Windows (any STL-compliant compiler; tested on MS VC++ .NET 2003 and the Intel compiler; Cygwin gcc compilation is temporarily broken) Linux (g++-3.2 or higher)
Source: ADCGALsrc0.01a.zip(174k zipped) (684k unzipped) Linux binaries: Linux/ADCGAL (4.24MB) Linux/ADedgeCGAL (4.14MB) Windows binaries: Windows/ADCGAL (614k) Windows/ADedgeCGAL (528k) Binaries are distributed separately, in two versions: ADCGAL that computes edges, triangles and tetrahedra, and ADedgeCGAL that computes only edges. Linux binaries are much larger since they are packaged with static libraries so that they work seamlessly across different Linux systems where the dynamic libraries are stored in different places.
AlmDel software was featured in BioGeometry News, June 2005 issue (pdf).

Above: Figure 1. Visualization of Almost-Delaunay Tetrahedra with threshold ε in the range 0 (red) < ε ≤ 0.35 (yellow) in acylphosphatase (PDB 2acy). Delaunay tetrahedra (ε=0) are not shown for clarity.

This package contains a C++ implementation in 3D of Almost-Delaunay simplices, a geometric framework for computing nearest neighbors for imprecise points described in the thesis work of Deepak Bandyopadhyay. The Delaunay tessellation is a geometric data structure that encodes the nearest neighbor relationships among a set of points in any dimension. The Delaunay tessellation has problems with imprecise points, such as protein structure coordinates determined from experiments or modeled theoretically; small perturbations in these coordinates may lead to widespread changes in the nearest neighbors reported. The Almost-Delaunay simplices aim to quantify this problem and offer an alternative data structure with a guarantee on nearest neighbors being stable to perturbations.

In 3D, Almost-Delaunay simplices (edges, triangles and tetrahedra) are pairs, triples and quadruples of points that can become neighbors in the Delaunay tessellation, in some configuration where all the points have moved from their initial positions by at most a distance ε. The minimum perturbation required for a particular simplex is denoted its threshold; this value is zero for a Delaunay simplex and otherwise is positive. The almost-Delaunay tetrahedra with threshold up to ε form a set AD(ε). The maximum perturbation allowed for any simplex (ε, above) is denoted the cutoff. The length of any edge in a simplex can be restricted to a maximum value, denoted the edge length prune. Pruning long edges avoids simplices along the convex hull of the point set that do not really represent neighboring points, and also takes into account the short range nature of protein interactions. Further details about the properties, algorithms and demonstrated uses of almost-Delaunay simplices can be found in a paper [Bandyopadhyay and Snoeyink, 2004] and on Deepak's almost-Delaunay project page.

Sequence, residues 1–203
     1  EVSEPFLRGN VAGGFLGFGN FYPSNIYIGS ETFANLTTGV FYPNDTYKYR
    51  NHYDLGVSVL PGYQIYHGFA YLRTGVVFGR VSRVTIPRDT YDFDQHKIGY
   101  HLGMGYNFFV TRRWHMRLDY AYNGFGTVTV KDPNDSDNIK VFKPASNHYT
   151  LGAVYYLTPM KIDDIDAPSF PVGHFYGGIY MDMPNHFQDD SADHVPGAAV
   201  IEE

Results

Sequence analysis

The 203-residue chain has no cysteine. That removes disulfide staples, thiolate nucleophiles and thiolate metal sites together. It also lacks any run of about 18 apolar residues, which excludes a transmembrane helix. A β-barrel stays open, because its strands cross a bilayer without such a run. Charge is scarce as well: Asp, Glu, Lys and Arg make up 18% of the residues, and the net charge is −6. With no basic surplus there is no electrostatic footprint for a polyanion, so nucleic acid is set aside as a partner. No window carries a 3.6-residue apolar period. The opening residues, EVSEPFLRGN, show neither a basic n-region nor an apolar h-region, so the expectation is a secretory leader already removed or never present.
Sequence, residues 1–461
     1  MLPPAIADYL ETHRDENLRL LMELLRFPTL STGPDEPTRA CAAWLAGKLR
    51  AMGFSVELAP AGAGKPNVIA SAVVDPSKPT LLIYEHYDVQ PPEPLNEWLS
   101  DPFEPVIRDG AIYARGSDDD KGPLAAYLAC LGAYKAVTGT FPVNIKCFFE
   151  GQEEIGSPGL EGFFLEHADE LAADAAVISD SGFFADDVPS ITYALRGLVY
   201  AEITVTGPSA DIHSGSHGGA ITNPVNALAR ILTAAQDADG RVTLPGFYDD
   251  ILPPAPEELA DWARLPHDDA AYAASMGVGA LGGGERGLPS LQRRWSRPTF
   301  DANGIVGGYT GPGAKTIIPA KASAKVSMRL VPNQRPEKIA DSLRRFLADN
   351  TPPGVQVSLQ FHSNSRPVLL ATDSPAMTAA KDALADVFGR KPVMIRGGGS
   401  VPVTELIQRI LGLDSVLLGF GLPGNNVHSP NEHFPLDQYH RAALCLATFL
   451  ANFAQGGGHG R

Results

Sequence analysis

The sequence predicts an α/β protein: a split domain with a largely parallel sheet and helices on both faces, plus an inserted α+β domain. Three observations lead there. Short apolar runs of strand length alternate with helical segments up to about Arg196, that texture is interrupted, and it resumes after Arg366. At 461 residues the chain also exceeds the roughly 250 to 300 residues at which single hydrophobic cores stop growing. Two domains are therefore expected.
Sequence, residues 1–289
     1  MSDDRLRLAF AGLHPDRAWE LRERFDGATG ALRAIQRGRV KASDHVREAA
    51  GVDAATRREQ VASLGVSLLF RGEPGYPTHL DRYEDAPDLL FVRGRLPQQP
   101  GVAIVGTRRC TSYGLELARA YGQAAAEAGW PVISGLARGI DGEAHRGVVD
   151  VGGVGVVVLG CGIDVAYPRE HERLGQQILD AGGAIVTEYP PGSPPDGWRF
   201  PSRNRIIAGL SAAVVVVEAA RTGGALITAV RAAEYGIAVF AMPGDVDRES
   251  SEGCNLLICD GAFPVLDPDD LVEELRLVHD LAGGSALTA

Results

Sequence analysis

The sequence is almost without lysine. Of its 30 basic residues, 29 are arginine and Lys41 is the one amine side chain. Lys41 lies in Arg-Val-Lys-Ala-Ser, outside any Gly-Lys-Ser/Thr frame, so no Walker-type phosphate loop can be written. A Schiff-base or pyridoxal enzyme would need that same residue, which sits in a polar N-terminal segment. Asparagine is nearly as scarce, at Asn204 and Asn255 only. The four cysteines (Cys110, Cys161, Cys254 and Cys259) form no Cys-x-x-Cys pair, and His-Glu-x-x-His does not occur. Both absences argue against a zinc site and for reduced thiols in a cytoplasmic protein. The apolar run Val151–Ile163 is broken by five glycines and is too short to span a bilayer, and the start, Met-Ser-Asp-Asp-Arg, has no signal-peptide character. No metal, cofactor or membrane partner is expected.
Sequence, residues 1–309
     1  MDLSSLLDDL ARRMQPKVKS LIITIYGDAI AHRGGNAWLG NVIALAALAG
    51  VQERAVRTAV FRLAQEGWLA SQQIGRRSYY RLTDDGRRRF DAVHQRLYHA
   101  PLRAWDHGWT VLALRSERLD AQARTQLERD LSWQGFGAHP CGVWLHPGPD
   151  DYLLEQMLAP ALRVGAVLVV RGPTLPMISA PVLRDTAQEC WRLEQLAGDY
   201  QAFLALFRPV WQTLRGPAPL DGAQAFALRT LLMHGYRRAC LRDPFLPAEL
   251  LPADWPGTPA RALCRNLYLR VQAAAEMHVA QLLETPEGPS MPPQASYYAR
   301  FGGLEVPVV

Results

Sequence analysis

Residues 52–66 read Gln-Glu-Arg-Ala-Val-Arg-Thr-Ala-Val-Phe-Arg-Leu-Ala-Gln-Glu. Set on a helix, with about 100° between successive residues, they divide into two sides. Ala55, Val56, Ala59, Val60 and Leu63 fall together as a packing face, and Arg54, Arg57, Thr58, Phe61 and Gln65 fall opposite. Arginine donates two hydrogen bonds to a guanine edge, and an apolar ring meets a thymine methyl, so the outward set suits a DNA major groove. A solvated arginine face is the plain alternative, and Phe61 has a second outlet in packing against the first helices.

This implementation of the almost-Delaunay simplices in C++ uses the CGAL library for robust geometric computation; it is described in detail in a CGAL workshop paper and on Deepak's software page. The implementation is specialized to 3D points since current applications are based on protein structures; the geometric framework is not restricted to a particular dimension, and fast algorithms for 2D and 3D are described in the paper. A 2D implementation in C++ is planned in the future, and would have many applications such as gel electrophoresis, cell counting and other problems that deal with nearest neighbors in imprecise 2D points. For now, a proof of concept MATLAB implementation in 2D is available from Deepak.